Therapeutic Antibodies – New tools to enhance the antibody drug pipeline

Therapeutic Antibodies – New tools to enhance the antibody drug pipeline

By Dr Robert Ford & Dr Toni Hoffmann

Therapeutic antibodies are the fastest growing class of drugs, with continuous increases in the number of innovator and biosimilar drugs in development.

Drug development and clinical trials necessitate the ability to specifically, sensitively and reproducibly measure the concentration and bioavailability of these drugs in pharmacokinetic assays. We discuss the rise of therapeutic antibodies in drug discovery in favour of traditional small molecules and issues around the development of these biologics, including their tracking with antiidiotypic antibodies. We will examine new tools that are entering the market to offer solutions that can speed development timelines and address problems of reagent reproducibility.



Biological therapeutics continue to demonstrate viability and effectiveness, along with excellent safety profiles within the clinic. Combined with an increased financial return on investment, the incentives for the pharmaceutical industry to develop these technologies as new therapies are clear. As research yields an increased number of viable disease biomarkers, developing new drugs to these targets is the next step in bringing these discoveries to application.

Additionally, patents on many successful biologics currently available in the clinic are beginning to expire, including trastuzumab for breast cancer treatment (1), adalimumab for rheumatoid arthritis treatment (2) and bevacizumab for the treatment of many cancers such as colon and lung cancer (3), raising the prospect of a lucrative biosimilar market.



The rise of biological therapeutics has created a concurrent increased need for tools for their specific analysis within patient samples. It is essential to be able to monitor the level and distribution of potential therapeutics in animal models in pre-clinical studies, and in patients throughout clinical trials.

However, high levels of endogenous antibodies are present within the serum, sometimes in up to a million-fold excess (4), potentially masking the biotherapeutic molecule. Consequently, highly-specific and sensitive reagents are key for enabling the specific detection and accurate quantification of the therapeutic antibody within patient serum samples.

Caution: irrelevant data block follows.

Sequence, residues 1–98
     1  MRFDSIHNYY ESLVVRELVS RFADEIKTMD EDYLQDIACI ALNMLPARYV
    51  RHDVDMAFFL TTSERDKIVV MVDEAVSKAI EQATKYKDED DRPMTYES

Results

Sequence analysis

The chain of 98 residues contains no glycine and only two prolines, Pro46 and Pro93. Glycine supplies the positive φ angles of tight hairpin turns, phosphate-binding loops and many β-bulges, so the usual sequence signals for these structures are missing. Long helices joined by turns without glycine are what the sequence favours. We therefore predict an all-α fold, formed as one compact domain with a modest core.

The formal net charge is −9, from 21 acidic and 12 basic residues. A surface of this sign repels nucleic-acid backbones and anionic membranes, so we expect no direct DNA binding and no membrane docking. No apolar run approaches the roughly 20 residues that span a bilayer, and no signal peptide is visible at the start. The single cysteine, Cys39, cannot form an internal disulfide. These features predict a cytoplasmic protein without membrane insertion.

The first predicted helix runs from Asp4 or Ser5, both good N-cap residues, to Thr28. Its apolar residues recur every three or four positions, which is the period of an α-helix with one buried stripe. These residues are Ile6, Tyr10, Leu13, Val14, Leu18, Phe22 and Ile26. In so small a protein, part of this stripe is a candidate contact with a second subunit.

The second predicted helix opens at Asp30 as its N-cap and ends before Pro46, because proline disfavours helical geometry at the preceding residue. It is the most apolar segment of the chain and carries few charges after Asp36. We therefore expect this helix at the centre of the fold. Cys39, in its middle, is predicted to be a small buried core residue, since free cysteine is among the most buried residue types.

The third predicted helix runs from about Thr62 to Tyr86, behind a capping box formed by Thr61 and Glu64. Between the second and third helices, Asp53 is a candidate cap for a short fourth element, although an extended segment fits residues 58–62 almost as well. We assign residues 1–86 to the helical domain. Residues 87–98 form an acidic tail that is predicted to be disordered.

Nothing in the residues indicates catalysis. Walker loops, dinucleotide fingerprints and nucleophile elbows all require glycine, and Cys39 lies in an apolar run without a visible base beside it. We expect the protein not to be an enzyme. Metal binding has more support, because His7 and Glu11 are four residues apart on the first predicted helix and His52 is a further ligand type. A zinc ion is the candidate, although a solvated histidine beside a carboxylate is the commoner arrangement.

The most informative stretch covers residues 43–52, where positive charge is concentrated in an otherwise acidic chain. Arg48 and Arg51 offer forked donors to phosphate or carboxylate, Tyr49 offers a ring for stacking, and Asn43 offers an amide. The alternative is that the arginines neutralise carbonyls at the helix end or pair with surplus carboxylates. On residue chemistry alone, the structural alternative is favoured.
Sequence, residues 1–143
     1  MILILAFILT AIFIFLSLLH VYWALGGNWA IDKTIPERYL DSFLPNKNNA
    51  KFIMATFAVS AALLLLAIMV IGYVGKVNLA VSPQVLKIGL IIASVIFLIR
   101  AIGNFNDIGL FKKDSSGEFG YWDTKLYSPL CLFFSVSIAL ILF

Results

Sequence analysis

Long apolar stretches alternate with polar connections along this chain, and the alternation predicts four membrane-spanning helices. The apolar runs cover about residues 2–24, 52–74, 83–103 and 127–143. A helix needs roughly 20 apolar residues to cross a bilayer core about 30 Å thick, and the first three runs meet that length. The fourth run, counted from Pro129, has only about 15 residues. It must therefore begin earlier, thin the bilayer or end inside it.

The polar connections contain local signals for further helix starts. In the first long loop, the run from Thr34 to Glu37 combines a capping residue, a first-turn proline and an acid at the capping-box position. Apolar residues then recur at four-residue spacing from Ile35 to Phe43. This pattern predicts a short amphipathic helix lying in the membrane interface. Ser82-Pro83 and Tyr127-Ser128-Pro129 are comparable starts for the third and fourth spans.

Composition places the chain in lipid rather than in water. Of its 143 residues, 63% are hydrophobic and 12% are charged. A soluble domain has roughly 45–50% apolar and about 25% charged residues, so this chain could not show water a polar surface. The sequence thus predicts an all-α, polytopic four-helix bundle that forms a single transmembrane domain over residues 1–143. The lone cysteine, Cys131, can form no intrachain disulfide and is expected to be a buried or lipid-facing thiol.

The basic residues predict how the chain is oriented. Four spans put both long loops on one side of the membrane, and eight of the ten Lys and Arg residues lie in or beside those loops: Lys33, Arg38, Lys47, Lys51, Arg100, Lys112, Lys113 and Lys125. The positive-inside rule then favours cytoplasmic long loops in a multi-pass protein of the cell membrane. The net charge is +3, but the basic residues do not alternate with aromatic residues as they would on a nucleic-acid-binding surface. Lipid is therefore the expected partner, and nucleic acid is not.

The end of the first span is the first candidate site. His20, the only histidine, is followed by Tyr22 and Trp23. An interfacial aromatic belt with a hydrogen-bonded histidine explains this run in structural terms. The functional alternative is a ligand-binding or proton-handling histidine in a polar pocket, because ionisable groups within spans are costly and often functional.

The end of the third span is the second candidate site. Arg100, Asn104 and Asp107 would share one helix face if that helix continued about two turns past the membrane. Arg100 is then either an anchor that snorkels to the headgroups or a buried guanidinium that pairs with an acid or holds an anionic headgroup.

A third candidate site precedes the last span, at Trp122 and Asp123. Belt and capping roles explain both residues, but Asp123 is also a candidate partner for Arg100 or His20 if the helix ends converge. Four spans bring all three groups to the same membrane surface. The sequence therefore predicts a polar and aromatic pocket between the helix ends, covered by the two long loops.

Anti-idiotypic tools and essential characteristics



Anti-idiotypic reagents (anti-ID), including antigens, antibodies and anti-ID antibody mimetics, are the specific tools that enable monitoring of therapeutic antibody levels and their distribution within pharmacokinetic (PK) assays. An idiotope is a specific set of unique antigenic determinants, typically found in the variable portion of an antibody, which defines that particular antibody in contrast to all other antibodies. An anti-ID antibody can specifically bind to the idiotope of the target antibody, such as a therapeutic antibody, to act as a capture or detection reagent in PK assays.


Bioanalytical scientists can generate a variety of data through use of anti-ID antibodies, such as quantification of bound drug, free antibody, or total drug levels. Developing such highly-specific anti-ID reagents can be challenging, and development of anti-ID antibodies is often time-consuming, with poor success rates (5-8).

Additionally, the sensitivity achieved from screens of naïve recombinant antibodies is often insufficient, requiring an additional affinity maturation step which adds to reagent costs and extends development timelines (9,10). Rapid development times are a key consideration for anti-ID reagents, as the drug development process relies on the availability of suitable bioanalytical reagents to develop and validate PK assays.



With any anti-ID reagent, ensuring consistent performance and supply involves one of two options: obtaining small batches of the reagent and carrying out multiple batch-to-batch standardisation processes over the course of drug development; or obtaining larger reagent batches, requiring fewer batch-to-batch standardisation processes, but with consideration of the shelf-life and stability of the reagent (5). Having a reliable source of critical reagents that can be produced consistently at scale is therefore a benefit.